If you've been following the blog for any length of time, you know MonoGame is an official "Favorite Project." We also know allot of you like to play with it too. But it's felt something like a dead end road, especially for those who would like to write console games.
Well last week we got some great news, that Xbox One will soon get MonoGame support! Yes, those games you write in MonoGame might soon be running on the Xbox One. How cool is that !?
This will be ID@Xbox’s third Game Developers Conference showing off amazing new games from independent developers in the ID@Xbox program. For us, it’s a great time to highlight new games, but also a place to connect with new developers and old friends and listen to their feedback about our program – what people are liking, and where we can do better.
We actually started ID@Xbox by going out on a listening tour that seemed huge at the time (more than 50 developers!), but today, with more than 1,400 studios creating games for Xbox One and Windows 10 via ID@Xbox, 50 seems like a pretty small number!
Our core principles haven’t changed though – make sure we deliver a huge variety of awesome games to players on Xbox One and Windows 10 by making it as easy as possible for independent developers to publish games on our platforms. The developers have certainly held up their end of the bargain! The list of unbelievably good games on Xbox One from independent developers is really too long to list. And we’re still listening, and we’re still working every day to make things better.
I’m excited today to announce a couple new things that grew directly out of developer feedback.
Microsoft’s XNA programming framework isn’t supported natively on Xbox One, but there’s an open source solution for developers called MonoGame. This news is a little overdue, but we’re stoked that MonoGame support will be coming to Xbox One soon, thanks to Tom Spilman and our friends at Sickhead Games.
And we’re really excited to be able to welcome MonoGame with a bang, thanks to a partnership with another developer named Tom – Tom Happ. I met Tom at an indie dev event shortly after we confirmed that XNA was not natively supported on Xbox One, and I remember being super bummed that his game was not going to be able to come to Xbox One straight away. Well, today I’m stoked to be able to say that Tom’s game, Axiom Verge, is going to be one of the first games shipping on Xbox One using MonoGame. And hopefully that’s just the first of many!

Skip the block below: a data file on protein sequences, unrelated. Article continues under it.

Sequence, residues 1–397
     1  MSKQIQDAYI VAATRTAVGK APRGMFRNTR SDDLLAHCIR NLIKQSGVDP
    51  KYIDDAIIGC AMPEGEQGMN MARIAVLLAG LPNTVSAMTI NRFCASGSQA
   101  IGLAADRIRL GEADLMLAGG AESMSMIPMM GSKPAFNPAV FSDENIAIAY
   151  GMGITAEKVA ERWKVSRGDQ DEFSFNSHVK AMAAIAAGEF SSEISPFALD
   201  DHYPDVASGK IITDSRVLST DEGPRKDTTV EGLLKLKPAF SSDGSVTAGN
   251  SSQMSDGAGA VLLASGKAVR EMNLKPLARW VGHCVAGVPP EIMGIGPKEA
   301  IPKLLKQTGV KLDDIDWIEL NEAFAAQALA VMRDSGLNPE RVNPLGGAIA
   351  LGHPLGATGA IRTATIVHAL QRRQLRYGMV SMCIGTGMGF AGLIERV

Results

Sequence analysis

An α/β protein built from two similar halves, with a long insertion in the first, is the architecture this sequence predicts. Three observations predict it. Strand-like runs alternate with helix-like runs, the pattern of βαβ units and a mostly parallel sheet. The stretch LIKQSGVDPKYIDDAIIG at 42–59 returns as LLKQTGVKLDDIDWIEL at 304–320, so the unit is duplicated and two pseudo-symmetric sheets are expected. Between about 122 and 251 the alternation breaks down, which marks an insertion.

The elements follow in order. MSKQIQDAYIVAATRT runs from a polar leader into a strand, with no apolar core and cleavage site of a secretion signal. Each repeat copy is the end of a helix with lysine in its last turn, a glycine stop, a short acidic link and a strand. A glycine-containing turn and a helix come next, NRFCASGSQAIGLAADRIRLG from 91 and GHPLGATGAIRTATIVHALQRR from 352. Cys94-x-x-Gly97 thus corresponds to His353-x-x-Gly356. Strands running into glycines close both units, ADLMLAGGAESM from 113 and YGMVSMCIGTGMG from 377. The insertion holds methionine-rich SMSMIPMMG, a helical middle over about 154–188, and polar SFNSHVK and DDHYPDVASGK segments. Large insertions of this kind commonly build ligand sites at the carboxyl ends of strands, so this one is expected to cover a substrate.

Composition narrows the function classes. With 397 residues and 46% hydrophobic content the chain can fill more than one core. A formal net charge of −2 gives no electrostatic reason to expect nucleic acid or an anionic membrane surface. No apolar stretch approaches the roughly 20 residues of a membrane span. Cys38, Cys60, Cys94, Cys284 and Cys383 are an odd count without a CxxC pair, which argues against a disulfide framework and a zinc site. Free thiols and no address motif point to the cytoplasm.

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Not really related but the latest version of MonoGame, v3.5, also is just out...
We are very excited to announce MonoGame 3.5 is now available for download. Thanks to all the hard work from the community this is possibly one of the best releases so far.
- MonoGame 3.5 for VisualStudio
- MonoGame 3.5 for MacOS
- MonoGame 3.5 Pipeline GUI Tool for MacOS stand alone installer
- MonoGame 3.5 for Ubuntu
- MonoGame 3.5 for Linux
- MonoGame 3.5 Source Code On GitHub
- MonoGame 3.5 Assemblies on NuGet
We had tons of fixes and features in this release, but this is just a short summary of the major changes:
- Content Pipeline Integration for Xamarin Studio and MonoDevleop on Mac and Linux.
- Automatic inclusion of XNBs into your final project on Mac and Linux.
- Improved Mac and Linux installers.
- Assemblies are now installed locally on Mac and Linux just like they are on Windows.
- New cross-platform “Desktop” project where same binary and content will work on Windows, Linux and Mac desktops.
- Better Support for Xamarin.Mac and Xam.Mac.
- Apple TV support (requires to be built from source at the moment).
- Various sound system fixes.
- New GraphicsMetrics API.
- Optimizations to SpriteBatch performance and garbage generation.
- Many improvements to the Pipeline tool: added toolbar, new filtered output view, new templates, drag and drop, and more.
- New GamePad support for UWP.
- Mac and Linux now support Vorbis compressed music.
- Major refactor of texture support in content pipeline.
- Added 151 new unit tests.
- Big improvements to FBX and model content processing.
- Various fixes to XML serialization.
- MediaLibrary implementation for Windows platforms.
- Removed PlayStation Mobile platform.
- Added content pipeline extension template project.
- Support for binding multiple vertex buffers in a draw call.
- Fixed deadzone issues in GamePad support.
- OcclusionQuery support for DX platforms.
- Fixed incorrect z depth in SpriteBatch.
- Lots of OpenTK backend fixes.
- Much improved font processing.
- Added new VertexPosition vertex format.
- Better VS project template installation under Windows.
Here’s a few more links you might find interesting: